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I am trying to create a bloom effect around my emission map using the glare node in compositing. The problem is that my emission map isn't bright enough for this to work. I don't want to increase the emission map's strength, because it washes out the detail.

What I've done is to multiply the value of the emission map, run that through the glare node, subtracted the brightened emission map from the result, and max/lightened the result over the result. The problem is that the subtraction isn't perfect, and it results in this black edge:

enter image description here

Is there a better way to go about doing this? I'm hoping for a way that doesn't require separating the emissive part of the mesh as a different object, because often the emissive parts won't be on isolated geometry from the non-emissive parts, if that makes sense.

Here is the blend file:

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    $\begingroup$ If Emmision is not bright enough to be taken into glare node calculation, than adjusting Threshold value should fix that (decrease probably). To the subtraction edge - looks like you use ID pass that is not antialiased on edge , use Cryptomatte instead. Or delit-erode node after ID would work in this case. Simple blend with your comp and Emmision mat would be helpful. $\endgroup$ – vklidu Feb 11 at 22:07
  • $\begingroup$ I'm going to try to play around with your suggestions. Meanwhile I've attached the blend file. I think I correctly packed 1k versions of the textures into it, so hopefully that will work. I replaced the environment texture with a sky map though for size. $\endgroup$ – Rekov Feb 11 at 22:23
  • $\begingroup$ I din't know you use whole object as a one peace with only one material, so there is no way to use Cryptomatte for pass if you want to keep it object, I expect you want to keep also material as one. $\endgroup$ – vklidu Feb 13 at 8:10
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Since you are using over exposed Emit pass as a mask, there is no way to get proper pixel mix with rendered image. Even more because of border's pixels contaminated by background color (on antialiased edge). Also in your answer I can see edge in your render. Probably a bit better because of differences on Multiply values rather than mix type.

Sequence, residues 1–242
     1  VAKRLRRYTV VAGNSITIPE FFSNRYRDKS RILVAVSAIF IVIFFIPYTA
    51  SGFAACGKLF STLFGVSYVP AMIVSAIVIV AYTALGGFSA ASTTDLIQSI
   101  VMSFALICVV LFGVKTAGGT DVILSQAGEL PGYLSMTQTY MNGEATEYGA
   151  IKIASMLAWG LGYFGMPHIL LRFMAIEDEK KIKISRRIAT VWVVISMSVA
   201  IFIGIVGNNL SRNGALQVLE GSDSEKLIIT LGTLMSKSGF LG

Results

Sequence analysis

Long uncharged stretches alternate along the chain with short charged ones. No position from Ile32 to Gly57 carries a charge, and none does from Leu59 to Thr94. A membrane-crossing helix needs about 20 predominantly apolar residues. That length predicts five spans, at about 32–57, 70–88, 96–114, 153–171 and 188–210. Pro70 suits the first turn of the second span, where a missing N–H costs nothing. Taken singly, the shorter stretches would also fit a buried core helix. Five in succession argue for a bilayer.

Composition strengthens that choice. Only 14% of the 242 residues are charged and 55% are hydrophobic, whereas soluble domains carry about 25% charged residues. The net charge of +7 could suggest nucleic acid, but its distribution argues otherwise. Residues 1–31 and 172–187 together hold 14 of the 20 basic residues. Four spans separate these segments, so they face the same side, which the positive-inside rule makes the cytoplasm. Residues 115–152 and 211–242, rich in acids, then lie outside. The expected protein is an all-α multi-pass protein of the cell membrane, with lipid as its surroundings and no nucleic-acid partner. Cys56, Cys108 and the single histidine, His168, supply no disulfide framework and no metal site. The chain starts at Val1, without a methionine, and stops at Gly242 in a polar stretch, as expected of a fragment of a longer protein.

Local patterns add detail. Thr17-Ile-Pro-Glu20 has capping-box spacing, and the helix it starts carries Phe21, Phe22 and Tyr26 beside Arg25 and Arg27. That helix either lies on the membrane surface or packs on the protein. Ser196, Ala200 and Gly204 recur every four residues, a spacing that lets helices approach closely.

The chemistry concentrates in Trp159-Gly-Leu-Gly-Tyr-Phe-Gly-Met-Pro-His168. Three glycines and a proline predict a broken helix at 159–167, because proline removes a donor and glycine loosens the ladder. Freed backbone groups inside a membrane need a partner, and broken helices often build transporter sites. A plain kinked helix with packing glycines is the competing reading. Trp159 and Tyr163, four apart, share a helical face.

What I would try is to add Dilate-Erode node on "mask" to get rid of border pixels. This also brings all edges of mask highlighted because over exposed glare node. To compensate these appeared pixels I tried isolated only "glare" object color (can be done many ways, luminance is not probably the best way) and bring this part a bit darker to original, so pixels can be mixed more smoothly into final.

enter image description here

Note: I disabled Denoise node since produced worse result and was extremely slow. I also add Multiply after Glare, but your "before" is probably better you don't work with such low values, but result should be mostly the same. Environment texture was not attached so I used blender's Environment "studio.exr" texture.

These mixing of border pixels is always very sensitive for input, so its always quite a lot of tweaking. It's not like one group node you can attach anywhere.

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  • $\begingroup$ This is helpful. Your version of masking off the emit pass and creating that alpha is especially much better than what I was doing. $\endgroup$ – Rekov Feb 13 at 20:41
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I believe I have found a solution:

enter image description here

Instead of subtracting out the brightened emission map, I maxed it over the image. Then I alphad over the original image map.

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